• has a disability which prevents or hinders him or her from making use of facilities of a kind generally provided for others of the same age in mainstream schools or mainstream post-16 institutions


A child under compulsory school age has special educational needs if they fall within the definition at (a) or (b) above, or would do so if special educational provision was not made for them.


Children must not be regarded as having a learning difficulty solely because the language or form of language of their home is different from the language in which they will be taught.


What are the school’s objectives with regards to special educational needs and disabilities?

Our objectives are:

  • To identify, at the earliest possible opportunity, barriers to learning and participation for pupils with special educational needs.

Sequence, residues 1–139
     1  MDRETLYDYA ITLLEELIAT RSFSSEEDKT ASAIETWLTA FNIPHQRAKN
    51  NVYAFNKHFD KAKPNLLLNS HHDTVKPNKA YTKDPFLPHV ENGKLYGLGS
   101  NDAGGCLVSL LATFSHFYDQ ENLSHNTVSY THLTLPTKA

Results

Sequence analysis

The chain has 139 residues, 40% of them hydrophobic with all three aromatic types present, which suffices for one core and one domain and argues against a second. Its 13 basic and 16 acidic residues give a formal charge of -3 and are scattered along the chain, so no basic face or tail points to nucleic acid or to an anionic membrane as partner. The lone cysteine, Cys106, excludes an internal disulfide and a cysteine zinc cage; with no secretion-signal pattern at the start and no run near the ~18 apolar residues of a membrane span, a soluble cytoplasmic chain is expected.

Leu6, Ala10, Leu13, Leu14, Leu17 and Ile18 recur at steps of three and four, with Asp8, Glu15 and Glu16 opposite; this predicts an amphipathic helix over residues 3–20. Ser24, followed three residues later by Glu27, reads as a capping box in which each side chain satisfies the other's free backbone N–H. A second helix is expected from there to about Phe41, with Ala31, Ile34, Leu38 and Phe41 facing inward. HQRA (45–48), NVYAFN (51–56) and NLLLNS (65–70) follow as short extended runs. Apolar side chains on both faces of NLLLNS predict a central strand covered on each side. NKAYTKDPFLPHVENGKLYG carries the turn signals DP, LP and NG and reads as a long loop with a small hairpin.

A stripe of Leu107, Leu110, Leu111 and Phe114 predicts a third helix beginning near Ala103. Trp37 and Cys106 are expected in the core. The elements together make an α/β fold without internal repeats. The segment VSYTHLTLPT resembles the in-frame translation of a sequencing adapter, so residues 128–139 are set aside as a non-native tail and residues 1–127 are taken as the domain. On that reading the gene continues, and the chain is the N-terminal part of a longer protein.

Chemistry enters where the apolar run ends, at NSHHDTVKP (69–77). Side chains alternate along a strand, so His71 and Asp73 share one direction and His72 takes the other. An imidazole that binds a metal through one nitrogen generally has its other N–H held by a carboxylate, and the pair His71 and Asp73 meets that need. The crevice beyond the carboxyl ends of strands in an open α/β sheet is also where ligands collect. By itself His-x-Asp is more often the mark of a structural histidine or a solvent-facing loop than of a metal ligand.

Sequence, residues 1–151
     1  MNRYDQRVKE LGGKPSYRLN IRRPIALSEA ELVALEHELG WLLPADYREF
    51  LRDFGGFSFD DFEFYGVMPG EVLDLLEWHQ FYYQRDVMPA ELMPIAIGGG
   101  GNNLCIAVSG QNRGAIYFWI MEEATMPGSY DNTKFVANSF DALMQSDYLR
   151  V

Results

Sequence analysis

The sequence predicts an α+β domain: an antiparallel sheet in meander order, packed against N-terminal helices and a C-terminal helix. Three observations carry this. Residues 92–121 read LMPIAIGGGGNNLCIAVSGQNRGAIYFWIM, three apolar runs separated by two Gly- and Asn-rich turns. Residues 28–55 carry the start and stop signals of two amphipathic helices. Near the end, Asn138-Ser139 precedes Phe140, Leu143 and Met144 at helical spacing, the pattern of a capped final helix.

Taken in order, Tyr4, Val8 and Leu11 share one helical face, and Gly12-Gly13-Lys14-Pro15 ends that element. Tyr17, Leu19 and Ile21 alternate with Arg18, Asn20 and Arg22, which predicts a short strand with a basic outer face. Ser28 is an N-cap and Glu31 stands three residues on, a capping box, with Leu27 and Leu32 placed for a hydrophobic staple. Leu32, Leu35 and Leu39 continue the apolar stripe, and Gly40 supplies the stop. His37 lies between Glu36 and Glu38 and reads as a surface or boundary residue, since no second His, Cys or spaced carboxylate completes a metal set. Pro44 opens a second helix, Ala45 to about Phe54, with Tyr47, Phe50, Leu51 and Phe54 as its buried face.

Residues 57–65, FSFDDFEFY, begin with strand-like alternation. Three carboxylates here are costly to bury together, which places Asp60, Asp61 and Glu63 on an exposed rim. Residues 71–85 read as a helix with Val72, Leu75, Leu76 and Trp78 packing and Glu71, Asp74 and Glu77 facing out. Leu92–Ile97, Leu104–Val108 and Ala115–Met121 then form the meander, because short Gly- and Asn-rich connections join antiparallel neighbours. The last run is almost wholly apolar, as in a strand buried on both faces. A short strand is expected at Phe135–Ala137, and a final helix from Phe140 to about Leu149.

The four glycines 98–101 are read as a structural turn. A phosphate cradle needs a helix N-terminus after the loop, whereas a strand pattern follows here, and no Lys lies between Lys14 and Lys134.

• To ensure that every child experiences success in their learning and achieves to the highest possible standard.
  • To enable all children to participate in lessons as fully and as effectively as is possible.
  • To value and encourage the contribution of all children to the life of the school.
  • To work in partnership with parents and carers.
  • To work with the governing body to enable them to fulfil their statutory monitoring role.
  • To work with outside agencies when a pupil’s needs cannot be met by the school alone. These agencies include, educational psychology, speech and language therapy, child and adolescent mental health services (CAMHS), occupational therapy and physiotherapy.
  • To ensure that all staff have access to training and advice to support quality teaching and learning for all pupils.


How does the school identify special educational needs?